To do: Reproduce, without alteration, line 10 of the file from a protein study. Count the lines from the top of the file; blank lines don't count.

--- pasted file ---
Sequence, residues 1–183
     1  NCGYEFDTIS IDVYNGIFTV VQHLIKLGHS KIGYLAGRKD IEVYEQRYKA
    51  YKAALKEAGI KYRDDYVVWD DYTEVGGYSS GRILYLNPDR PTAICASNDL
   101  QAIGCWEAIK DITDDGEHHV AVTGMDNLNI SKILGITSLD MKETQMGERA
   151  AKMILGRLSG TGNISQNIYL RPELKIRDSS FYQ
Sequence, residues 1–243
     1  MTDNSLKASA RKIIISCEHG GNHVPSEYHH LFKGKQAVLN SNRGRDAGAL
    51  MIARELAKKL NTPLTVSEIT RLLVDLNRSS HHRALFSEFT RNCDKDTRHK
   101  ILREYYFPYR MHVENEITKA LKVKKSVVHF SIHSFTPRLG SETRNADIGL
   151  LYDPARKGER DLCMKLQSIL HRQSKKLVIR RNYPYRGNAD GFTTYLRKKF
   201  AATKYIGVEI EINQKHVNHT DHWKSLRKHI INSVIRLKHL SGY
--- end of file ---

   151  LYDPARKGER DLCMKLQSIL HRQSKKLVIR RNYPYRGNAD GFTTYLRKKF